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The lowest centre of mass while filling a cup of water?

  1. Nov 20, 2008 #1
    1. The problem statement, all variables and given/known data
    Ok, there's a cylindrical mug of mass m. When full of water it has a mass 4m. Assuming the base of the mug has no mass, how full is the water in the mug when the centre of mass is the closest to the base? (as a proportion of the height of the mug I'm guessing)

    3. The attempt at a solution
    I was trying to set up an equation with the sum of the bits equals the whole thing..
    Moment of empty mug: mh/2
    Moment of water: I think I get this bit wrong. it takes 3m of water to fill the cup, so 3m=h

    But basically I then added the moments of the empty mug and water and equated it to total mass of the system multiplied by the COM.
    I tried to differentiate to find a minimum but I had an h and a h^2 which didn't leave me with a nice answer in terms of h.

    I rushed this, but if what I have said isn't clear I will make it clear when I come back to it later :)
  2. jcsd
  3. Nov 20, 2008 #2

    Doc Al

    User Avatar

    Staff: Mentor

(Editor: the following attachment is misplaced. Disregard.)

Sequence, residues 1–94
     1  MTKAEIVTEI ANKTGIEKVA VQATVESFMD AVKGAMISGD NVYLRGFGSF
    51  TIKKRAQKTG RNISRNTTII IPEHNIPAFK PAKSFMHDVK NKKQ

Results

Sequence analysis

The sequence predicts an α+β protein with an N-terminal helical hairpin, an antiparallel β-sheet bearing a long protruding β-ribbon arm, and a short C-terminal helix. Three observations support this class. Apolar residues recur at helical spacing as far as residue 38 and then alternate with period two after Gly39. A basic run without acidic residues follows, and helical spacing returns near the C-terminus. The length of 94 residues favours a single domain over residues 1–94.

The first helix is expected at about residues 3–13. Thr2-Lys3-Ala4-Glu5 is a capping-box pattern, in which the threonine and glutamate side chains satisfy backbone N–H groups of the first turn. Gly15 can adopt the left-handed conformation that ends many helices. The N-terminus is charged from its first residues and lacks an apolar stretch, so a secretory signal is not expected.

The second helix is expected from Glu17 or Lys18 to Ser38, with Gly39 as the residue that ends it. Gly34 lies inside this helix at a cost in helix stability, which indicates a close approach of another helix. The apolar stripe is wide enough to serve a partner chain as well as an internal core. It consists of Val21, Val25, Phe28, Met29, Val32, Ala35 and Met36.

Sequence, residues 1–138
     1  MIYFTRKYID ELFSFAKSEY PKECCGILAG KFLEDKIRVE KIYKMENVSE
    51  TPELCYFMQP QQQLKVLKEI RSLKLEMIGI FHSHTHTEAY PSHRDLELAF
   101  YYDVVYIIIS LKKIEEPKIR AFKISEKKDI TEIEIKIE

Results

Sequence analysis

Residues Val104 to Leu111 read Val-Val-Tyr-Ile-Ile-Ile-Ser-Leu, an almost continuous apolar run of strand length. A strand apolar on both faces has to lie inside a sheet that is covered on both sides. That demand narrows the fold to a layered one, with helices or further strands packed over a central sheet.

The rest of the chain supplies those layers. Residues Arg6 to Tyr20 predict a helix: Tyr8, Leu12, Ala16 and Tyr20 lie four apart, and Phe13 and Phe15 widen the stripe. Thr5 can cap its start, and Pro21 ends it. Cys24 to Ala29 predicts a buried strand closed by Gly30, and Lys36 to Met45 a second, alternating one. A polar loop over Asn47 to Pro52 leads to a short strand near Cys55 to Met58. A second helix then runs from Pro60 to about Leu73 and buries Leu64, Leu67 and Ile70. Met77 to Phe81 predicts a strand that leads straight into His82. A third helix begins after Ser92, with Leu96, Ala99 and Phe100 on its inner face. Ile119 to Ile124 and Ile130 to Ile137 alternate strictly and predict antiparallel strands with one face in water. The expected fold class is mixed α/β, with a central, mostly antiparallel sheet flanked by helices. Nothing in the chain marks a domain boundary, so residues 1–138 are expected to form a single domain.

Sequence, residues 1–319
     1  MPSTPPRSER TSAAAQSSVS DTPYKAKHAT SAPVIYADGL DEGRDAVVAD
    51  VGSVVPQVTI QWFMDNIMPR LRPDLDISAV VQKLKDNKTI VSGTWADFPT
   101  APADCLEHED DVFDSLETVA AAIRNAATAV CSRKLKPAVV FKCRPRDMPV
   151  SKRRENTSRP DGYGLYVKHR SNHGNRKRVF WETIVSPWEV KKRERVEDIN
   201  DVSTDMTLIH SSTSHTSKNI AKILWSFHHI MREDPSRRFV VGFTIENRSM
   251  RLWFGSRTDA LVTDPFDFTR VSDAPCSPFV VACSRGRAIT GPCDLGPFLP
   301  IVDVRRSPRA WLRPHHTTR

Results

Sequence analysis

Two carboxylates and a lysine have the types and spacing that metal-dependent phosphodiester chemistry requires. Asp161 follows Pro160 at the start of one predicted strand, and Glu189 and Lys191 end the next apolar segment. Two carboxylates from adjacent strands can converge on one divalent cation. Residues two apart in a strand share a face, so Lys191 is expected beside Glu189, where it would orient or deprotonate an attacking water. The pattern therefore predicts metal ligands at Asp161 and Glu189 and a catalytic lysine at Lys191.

Show exactly what you did. You'll get a bit of a messy expression for the center of mass as a function of water height. But when you do the differentiation and simplify, you'll end up with a quadratic equation. You'll get a nice answer as a fraction of the cylinder height.
  4. Nov 20, 2008 #3
    yep ok

    Moment of Empty mug = mh/2

    When the water has depth h, the mass is 3m.
    Take mass of water as km where 0[tex]\leq[/tex] k [tex]\leq[/tex]3
    therefore height of water = hk/3
    and moment of water is mass x distance from base = km*(hk/3)*1/2 = ((k^2)mh)/6

    Moment of the whole system = (m+km)Y (where Y = centre of mass of whole system)

    So, mh/2 + (1/6)*(k^2)*m*h = m(1+k)Y
    cancel m's
    h/2 + (1/6)*(k^2)*h = (1+k)Y

    Y= h/(2(1+k)) + ((k^2)*h)/6(1+k)
    Y=(h/2)(1/(1+k) + (k^2)/(3(1+k))
    so I have centre of mass of the system in turns of k, the mass of the water... (not the water height)

    But if I differentiate, and equate to - that should give me the value of k that is a minimum (?)

    this gets complicated when I differentiate
    dY/dk = (h/2)((-1/(2(k+1)^2)+(k(k+2))/(3(k+1)^2)
    So the bit in the brackets equals 0.
    Rearranging and cancelling I get k^2 + 2k + 1.5 = 0
    Using the formula this gives, (-2+rt(3))/2 (a negative number for k, which is no good)

    I'm not sure if what I have put is understandable, but thanks for helping ^^
  5. Nov 20, 2008 #4

    Doc Al

    User Avatar

    Staff: Mentor

    Looks good.

    Redo that derivative.
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